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In a grand tradition, you’ll have the opportunity to scream at a movie — a blaxploitation movie — to your heart’s desire. Wyatt Cenac (“The Daily Show”) and Donwill host this yuk-fest. And the event is only $10 and includes an after party with a DJ. Not a bad way to spend a Thursday night.
 
For more information and tickets visit IndieScreen.



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Just Some of the Memories | Top 5 Moments

Categories: Latest News
Posted: October 14, 2013
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My weekly comedy show Ted Greenberg’s The Complete Performer will celebrate its 5th Anniversary on Saturday, October 19th. For 250 Saturdays, I’ve stepped on stage at the Huron Club and ended the night driving one lucky audience group home in a yellow taxi cab. In between, there’s been a little improv, some magic and many unforgettable moments.
 
As I wax nostalgic about the amazing last five years, I’m thankful for the people who have made this show possible — the audience. Here are five of my favorite moments from the show — at least the ones we caught on tape!
 
(5) Celebrating your birthday at my show promises to be a memorable experience.

 
(4) The night that Mascot decided to party it up post-show. Now that was fun!

 
(3) Winning the cab ride home is a big deal. One MVP tried to game the system and choose herself! Sneaky sneaky.

 
(2) I’m often asked if I actually drive to all five boroughs. Here’s proof that the cab ride goes outside of Manhattan.

 
(1) Just more proof that we have a blast at the show.

 
Tickets are on sale now. Get yours here.



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Put on Your To Do List

Categories: Latest News
Posted: July 29, 2013
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Thirty years ago, raunchy male comedies were all the rage in movies. It’s a time when Porky’s ruled the nation, and the country fell in love with a bunch of Nerds. Amy Heckerling’s brilliant Fast Times at Ridgemont High was the lone exception because it showed both the teenage male’s and female’s perspective on budding relationships and the hell of high school.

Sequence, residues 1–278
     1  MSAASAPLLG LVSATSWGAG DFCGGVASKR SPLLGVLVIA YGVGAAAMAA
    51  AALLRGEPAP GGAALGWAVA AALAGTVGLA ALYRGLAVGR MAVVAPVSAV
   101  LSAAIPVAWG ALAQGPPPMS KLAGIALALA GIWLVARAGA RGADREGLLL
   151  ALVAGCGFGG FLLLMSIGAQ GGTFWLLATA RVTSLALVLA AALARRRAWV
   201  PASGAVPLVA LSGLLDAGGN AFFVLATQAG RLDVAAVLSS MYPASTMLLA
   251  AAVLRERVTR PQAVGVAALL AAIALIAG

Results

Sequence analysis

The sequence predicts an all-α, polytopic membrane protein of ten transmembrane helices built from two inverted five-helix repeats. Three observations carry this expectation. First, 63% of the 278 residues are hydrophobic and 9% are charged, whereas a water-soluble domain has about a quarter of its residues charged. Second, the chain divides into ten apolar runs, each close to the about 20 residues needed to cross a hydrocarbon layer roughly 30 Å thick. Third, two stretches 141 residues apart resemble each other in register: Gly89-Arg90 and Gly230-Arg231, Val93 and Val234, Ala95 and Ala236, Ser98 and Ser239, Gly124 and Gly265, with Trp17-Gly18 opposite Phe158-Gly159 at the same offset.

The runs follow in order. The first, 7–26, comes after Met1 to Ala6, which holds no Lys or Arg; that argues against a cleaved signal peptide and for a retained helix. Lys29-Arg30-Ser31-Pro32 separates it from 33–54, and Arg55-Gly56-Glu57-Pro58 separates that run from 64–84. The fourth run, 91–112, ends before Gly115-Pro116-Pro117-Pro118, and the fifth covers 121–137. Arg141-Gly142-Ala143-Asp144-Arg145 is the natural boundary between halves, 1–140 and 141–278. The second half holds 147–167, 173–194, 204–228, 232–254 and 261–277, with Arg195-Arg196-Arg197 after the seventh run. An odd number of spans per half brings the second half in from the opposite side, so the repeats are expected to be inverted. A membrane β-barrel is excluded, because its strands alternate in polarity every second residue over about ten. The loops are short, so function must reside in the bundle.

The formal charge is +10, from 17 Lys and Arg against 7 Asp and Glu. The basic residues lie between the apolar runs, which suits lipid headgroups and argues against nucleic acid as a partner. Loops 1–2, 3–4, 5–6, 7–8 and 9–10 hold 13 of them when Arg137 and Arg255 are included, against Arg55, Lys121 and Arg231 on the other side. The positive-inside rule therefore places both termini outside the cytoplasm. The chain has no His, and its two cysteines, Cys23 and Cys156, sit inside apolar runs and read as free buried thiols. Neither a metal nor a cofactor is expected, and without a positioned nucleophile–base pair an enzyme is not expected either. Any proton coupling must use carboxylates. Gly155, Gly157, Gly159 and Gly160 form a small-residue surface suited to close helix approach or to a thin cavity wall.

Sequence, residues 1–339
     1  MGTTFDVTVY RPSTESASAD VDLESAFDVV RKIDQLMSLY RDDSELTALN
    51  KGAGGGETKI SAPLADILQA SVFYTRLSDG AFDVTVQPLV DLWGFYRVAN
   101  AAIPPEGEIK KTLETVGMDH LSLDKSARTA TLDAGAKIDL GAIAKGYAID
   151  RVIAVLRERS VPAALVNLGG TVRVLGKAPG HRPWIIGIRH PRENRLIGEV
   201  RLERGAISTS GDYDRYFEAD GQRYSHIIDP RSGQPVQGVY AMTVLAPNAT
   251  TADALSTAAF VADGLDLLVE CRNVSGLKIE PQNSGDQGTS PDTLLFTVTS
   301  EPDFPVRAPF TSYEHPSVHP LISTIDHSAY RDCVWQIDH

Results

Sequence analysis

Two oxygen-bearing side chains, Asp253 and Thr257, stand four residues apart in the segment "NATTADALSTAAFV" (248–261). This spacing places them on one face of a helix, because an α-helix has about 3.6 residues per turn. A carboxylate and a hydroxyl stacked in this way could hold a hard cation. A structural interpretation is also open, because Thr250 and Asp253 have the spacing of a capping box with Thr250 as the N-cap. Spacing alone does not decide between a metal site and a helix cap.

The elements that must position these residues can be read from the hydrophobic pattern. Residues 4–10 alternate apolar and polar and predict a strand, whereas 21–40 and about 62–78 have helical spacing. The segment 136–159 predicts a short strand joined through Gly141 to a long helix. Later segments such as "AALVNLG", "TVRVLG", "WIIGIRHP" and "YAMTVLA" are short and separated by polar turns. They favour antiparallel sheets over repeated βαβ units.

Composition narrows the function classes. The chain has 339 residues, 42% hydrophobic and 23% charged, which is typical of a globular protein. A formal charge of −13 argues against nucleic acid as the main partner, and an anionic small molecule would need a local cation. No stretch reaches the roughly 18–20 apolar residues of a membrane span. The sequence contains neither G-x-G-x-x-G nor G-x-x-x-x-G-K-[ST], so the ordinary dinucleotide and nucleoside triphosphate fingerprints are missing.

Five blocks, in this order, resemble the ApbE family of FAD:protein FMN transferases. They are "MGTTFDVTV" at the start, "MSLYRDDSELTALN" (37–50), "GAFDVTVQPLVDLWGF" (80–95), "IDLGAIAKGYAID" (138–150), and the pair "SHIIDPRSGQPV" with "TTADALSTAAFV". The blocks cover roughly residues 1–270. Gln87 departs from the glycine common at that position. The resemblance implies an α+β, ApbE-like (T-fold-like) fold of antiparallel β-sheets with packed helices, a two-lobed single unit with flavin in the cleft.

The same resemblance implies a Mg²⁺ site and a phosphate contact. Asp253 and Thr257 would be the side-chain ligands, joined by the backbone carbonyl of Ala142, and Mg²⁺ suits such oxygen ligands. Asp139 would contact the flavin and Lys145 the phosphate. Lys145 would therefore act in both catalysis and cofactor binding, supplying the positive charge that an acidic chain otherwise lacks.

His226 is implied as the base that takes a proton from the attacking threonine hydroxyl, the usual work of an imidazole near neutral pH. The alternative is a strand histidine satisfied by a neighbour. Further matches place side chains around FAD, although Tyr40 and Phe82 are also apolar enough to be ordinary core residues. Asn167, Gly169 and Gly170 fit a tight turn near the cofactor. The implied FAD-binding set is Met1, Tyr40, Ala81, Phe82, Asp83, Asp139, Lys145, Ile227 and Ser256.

The To Do List
 
This past weekend, The To Do List opened in theaters. The movie stars the adorable Aubrey Plaza (Parks and Recreation) as a straight-A high school senior who decides there’s more to life than making good grades. She attacks hooking up with guys as if it were a science project and she wants to win top prize. Finally a female high school teen comedy that’s not solely about the rivalry among girls (think Mean Girls or Heathers).
 
The film is at the top of my to do list, especially since many of the blockbusters have flamed out (The Lone Ranger, RIPD). I’m concentrating on small indie films and charming comedies, such as The To Do List, about which the New York Times raved “the sensibility that makes the movie work so well doesn’t seem so much feminine as intelligent.”
 
I know what’s on the top of my To Do List.



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Bicycle Built for Two | Double the Fun This Summer

Categories: Latest News
Posted: June 20, 2013
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Start your summer off right with two-for-one tickets to my weekly comedy show, Ted Greenberg’s The Complete Performer, through Labor Day!
 
Mascot and I recently biked around the West Village on a bicycle built for two. What a fun way to experience the warm summer weather and keep in shape for the show, which is now in its 5th smash season at Soho Playhouse. Here’s a video of our really fun adventure.